Special Report

The 50 Poorest Places in the Country

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30. Citrus City, Texas
> Poverty rate: 65.1%
> Median household income: $16,818
> Adults with a bachelor’s degree: 2.3%
> Total population: 3,288

Located near the Mexican border, Citrus City is one of several south Texas communities to rank on this list. An estimated 65.1% of the area’s nearly 3,300 residents live below the poverty line, and most area households earn less than $17,000 a year.

The area lags behind much of the rest of the country in several other related socioeconomic measures. For example, less than half of the local 25 and older population have a high school diploma, and an average of over a quarter of the local labor force have been unemployed in the last five years.

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29. Whitley City, Kentucky
> Poverty rate: 65.1%
> Median household income: $15,270
> Adults with a bachelor’s degree: 10.9%
> Total population: 1,400

Whitley City, an unincorporated community in southern Kentucky, is one of the poorest places in the United States. Over 65% of the population live below the poverty line, and most households earn less than $16,000 a year.

Low incomes in the area are partially the result of the relatively small share of residents who are working. Only 38.5% of the local 16 and older population are in the labor force, well below the 63.4% national labor force participation rate.

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28. Antelope, South Dakota
> Poverty rate: 65.1%
> Median household income: $11,250
> Adults with a bachelor’s degree: 12.0%
> Total population: 900

Antelope, South Dakota, is a small Census designated place with a population of less than 1,000 located in the Rosebud Indian Reservation, home to the Lakota people. Like many predominantly Native American communities in the United States, Antelope is characterized by widespread economic hardship. The local poverty rate stands at 65.1%, and most households earn less than $12,000 a year.

The area’s low incomes are due in part to a lack of opportunity. The local five-year average unemployment rate stands at 19.0%, nearly quadruple the comparable national rate. Additionally, working-age residents are about half as likely to be working or looking for work than the typical working-age American nationwide.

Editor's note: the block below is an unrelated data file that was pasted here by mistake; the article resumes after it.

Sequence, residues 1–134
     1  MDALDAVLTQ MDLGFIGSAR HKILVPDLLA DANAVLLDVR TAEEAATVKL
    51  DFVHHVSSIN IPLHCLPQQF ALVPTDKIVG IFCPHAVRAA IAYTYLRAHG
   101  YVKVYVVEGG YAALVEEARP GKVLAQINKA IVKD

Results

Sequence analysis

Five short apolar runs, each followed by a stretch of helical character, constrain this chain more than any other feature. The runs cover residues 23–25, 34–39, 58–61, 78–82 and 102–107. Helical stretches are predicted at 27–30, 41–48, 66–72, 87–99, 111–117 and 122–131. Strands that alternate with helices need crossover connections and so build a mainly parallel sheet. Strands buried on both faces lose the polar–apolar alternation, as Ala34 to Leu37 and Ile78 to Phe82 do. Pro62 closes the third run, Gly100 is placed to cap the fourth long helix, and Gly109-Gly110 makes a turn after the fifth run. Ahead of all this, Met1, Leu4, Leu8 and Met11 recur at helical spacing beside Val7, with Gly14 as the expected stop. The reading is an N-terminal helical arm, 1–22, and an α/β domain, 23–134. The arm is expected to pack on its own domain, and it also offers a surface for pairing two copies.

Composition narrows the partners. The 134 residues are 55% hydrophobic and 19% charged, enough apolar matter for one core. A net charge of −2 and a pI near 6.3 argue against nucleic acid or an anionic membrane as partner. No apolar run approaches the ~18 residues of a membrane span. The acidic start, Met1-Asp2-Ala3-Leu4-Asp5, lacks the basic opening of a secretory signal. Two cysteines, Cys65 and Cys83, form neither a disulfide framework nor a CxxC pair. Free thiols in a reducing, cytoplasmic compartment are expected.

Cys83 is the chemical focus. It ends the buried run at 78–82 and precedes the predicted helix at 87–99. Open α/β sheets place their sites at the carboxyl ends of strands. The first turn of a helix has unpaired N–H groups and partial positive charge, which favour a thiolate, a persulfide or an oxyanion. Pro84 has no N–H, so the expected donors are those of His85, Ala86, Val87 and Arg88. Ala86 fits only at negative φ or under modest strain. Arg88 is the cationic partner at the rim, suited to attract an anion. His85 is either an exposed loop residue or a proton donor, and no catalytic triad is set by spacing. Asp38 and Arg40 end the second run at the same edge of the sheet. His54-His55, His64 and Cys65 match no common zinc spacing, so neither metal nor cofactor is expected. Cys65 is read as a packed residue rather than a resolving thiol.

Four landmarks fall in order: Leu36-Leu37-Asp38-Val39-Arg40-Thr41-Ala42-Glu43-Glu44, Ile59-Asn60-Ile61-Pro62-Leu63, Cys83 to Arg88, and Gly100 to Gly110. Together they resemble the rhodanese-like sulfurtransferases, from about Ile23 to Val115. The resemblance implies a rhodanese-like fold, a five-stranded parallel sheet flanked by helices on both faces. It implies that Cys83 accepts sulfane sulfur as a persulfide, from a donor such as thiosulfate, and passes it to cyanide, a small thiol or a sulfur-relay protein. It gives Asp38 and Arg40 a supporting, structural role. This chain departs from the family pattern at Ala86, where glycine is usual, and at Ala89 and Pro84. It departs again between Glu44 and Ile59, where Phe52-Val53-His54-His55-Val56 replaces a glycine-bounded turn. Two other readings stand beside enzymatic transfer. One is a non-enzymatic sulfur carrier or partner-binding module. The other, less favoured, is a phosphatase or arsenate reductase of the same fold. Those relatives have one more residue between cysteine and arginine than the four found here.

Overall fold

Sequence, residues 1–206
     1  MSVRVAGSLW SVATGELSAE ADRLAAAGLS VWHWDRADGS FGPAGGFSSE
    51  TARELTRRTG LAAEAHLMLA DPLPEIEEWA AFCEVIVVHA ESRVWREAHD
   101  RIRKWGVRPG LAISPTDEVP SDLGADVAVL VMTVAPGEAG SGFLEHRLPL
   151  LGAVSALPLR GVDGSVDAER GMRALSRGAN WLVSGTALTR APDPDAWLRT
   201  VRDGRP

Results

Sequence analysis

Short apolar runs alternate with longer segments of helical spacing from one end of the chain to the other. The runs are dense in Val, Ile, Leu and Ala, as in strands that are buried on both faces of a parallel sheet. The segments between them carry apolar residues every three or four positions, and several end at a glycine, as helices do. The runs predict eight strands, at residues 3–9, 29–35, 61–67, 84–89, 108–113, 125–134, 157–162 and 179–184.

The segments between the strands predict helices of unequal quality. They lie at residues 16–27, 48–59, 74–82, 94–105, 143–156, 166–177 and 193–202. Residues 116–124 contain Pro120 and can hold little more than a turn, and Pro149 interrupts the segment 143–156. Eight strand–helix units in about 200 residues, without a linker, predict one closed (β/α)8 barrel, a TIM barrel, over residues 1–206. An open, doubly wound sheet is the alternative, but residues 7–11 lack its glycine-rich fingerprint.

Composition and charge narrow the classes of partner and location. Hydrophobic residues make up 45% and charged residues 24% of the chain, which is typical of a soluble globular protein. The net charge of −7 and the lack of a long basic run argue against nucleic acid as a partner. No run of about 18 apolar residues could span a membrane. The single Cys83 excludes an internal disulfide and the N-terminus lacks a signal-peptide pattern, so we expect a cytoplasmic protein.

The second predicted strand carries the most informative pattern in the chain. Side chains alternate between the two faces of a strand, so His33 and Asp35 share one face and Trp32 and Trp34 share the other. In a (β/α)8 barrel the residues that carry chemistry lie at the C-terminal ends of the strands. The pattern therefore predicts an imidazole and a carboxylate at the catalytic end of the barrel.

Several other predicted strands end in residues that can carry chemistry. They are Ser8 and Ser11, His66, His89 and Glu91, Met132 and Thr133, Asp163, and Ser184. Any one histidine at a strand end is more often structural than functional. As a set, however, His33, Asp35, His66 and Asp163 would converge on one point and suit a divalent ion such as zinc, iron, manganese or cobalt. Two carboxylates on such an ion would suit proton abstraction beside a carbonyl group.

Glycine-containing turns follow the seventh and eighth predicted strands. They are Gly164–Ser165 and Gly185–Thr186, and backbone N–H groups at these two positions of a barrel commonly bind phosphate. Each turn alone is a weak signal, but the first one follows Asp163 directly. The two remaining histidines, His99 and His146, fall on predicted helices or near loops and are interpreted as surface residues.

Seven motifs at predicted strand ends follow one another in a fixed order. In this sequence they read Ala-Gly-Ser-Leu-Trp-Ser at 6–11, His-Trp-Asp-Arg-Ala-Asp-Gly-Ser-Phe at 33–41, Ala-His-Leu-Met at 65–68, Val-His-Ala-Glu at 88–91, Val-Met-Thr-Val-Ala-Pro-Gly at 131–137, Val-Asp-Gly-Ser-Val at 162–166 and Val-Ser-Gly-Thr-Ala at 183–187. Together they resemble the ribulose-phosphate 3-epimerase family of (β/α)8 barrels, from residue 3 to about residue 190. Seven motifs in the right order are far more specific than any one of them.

Source: BOB WESTON / Getty Images

27. Tucker, Mississippi
> Poverty rate: 65.3%
> Median household income: $00
> Adults with a bachelor’s degree: 0.0%
> Total population: 731

Tucker is one of the poorest communities in Mississippi. The local poverty rate of 65.3% is nearly five times higher than the national poverty rate.

For a number of historical and contemporary reasons, Native Americans are one of the most economically disadvantaged groups in the United States. One of many Choctaw communities in the state, each of the more than 700 residents of Tucker identifies as Native American.

Source: Wikimedia Commons

26. Whitecone, Arizona
> Poverty rate: 65.4%
> Median household income: $17,344
> Adults with a bachelor’s degree: 1.8%
> Total population: 871

Whitecone, Arizona, is an unincorporated community with a population of about 900 people in the Navajo Nation. One of the poorest places in the country, nearly one in every three residents live below the poverty line.

Native American communities, like Whitecone, are often among the most economically disadvantaged in the United States. An average of 29.4% of the local labor force have been unemployed in the last five years, well above the comparable 5.3% national jobless rate.